Those Ivy League degrees might not be as valuable as graduates once thought they were, a new study finds.
Research from Gallup revealed that the majority of U.S. business leaders say the amount of knowledge a candidate has in a field, as well as applied skills, are more important factors when making a hire than where a candidate attended school or what their college major was.
Specifically, 84 percent of those leaders surveyed said the amount of knowledge a candidate has in a particular field was "very important," compared to just 9 percent who felt the same about where a candidate received his or her college degree. Additionally, 79 percent thought a job seeker's applied skills were very important, which far outweighs the 28 percent who said the same about a candidate's college major. [50 Job Interview Questions You Should Be Prepared to Answer]
"As opportunities to access postsecondary degrees, certificates and credentials continue to evolve and become more accessible through innovative learning models, Americans will be able to expand and use their knowledge in the workplace more quickly and efficiently in the future," researchers wrote in the study. "Further, there may be more emphasis on what potential employees know and their style of working, rather than on the candidate's degree, per se."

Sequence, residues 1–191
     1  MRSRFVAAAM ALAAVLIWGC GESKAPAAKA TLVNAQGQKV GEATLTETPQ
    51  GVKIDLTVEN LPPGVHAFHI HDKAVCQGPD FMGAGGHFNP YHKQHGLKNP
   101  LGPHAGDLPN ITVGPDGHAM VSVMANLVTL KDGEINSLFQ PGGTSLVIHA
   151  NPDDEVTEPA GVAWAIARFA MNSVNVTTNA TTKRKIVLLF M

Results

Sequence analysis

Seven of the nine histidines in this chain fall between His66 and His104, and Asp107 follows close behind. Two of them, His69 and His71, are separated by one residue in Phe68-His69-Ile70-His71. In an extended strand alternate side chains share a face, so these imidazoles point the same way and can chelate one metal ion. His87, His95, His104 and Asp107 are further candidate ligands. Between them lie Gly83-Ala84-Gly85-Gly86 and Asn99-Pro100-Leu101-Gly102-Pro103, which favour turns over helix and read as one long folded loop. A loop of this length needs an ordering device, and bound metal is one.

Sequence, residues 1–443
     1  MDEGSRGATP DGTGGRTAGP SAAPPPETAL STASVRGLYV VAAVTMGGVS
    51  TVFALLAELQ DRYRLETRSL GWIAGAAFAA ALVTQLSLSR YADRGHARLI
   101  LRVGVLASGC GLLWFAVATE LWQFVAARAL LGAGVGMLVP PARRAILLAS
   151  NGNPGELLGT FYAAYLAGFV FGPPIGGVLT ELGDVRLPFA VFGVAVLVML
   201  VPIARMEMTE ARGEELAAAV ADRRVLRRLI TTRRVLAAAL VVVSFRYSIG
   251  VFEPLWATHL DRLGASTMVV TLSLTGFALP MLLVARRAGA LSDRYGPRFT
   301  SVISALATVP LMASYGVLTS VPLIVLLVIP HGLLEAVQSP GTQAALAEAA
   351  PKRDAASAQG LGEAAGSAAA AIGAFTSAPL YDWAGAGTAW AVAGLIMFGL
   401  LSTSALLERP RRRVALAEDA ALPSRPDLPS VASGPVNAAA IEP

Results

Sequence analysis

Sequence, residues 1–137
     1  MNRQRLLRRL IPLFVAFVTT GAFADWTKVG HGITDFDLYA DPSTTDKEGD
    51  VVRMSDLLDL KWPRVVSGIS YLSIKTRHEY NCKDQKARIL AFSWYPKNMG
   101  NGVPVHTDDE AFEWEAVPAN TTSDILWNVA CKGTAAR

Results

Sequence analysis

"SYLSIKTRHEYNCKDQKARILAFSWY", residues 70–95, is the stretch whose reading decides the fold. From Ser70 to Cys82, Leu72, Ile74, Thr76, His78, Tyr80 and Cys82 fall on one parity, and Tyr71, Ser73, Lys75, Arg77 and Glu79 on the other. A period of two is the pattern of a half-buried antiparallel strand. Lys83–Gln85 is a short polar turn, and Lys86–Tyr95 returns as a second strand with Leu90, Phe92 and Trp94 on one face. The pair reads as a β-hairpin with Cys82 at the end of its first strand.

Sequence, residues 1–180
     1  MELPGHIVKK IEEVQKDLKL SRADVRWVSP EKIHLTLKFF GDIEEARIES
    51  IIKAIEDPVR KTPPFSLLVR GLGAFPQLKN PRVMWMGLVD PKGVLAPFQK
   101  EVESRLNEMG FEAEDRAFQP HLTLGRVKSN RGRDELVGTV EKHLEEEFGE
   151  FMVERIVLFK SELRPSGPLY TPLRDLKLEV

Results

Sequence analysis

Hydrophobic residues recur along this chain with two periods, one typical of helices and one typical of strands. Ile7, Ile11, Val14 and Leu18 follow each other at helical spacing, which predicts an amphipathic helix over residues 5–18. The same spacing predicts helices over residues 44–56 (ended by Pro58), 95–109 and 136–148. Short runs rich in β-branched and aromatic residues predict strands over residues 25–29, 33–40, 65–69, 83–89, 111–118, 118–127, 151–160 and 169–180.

The study found that the general public puts more importance on candidates' college majors and where they received their degrees than business leaders do. Nearly half of U.S. adults surveyed said the candidate's college or university major is a very important factor to hiring managers, while 30 percent felt that where the candidate received his or her college degree was very important.
Researchers said the study shows that college is still significant to business leaders, but that Americans need to recognize that college alone is not enough.
"Getting a job and achieving long-term success in one's career may increasingly depend on demonstrating real value to employers through experience and targeted learning — and increasingly less on degrees, even if they are from prestigious universities," the study's authors wrote.
The research was based on surveys of 623 U.S. business leaders in executive and senior roles at their companies, as well as 1,012 U.S. adults over the age of 18.
Originally published on Business News Daily.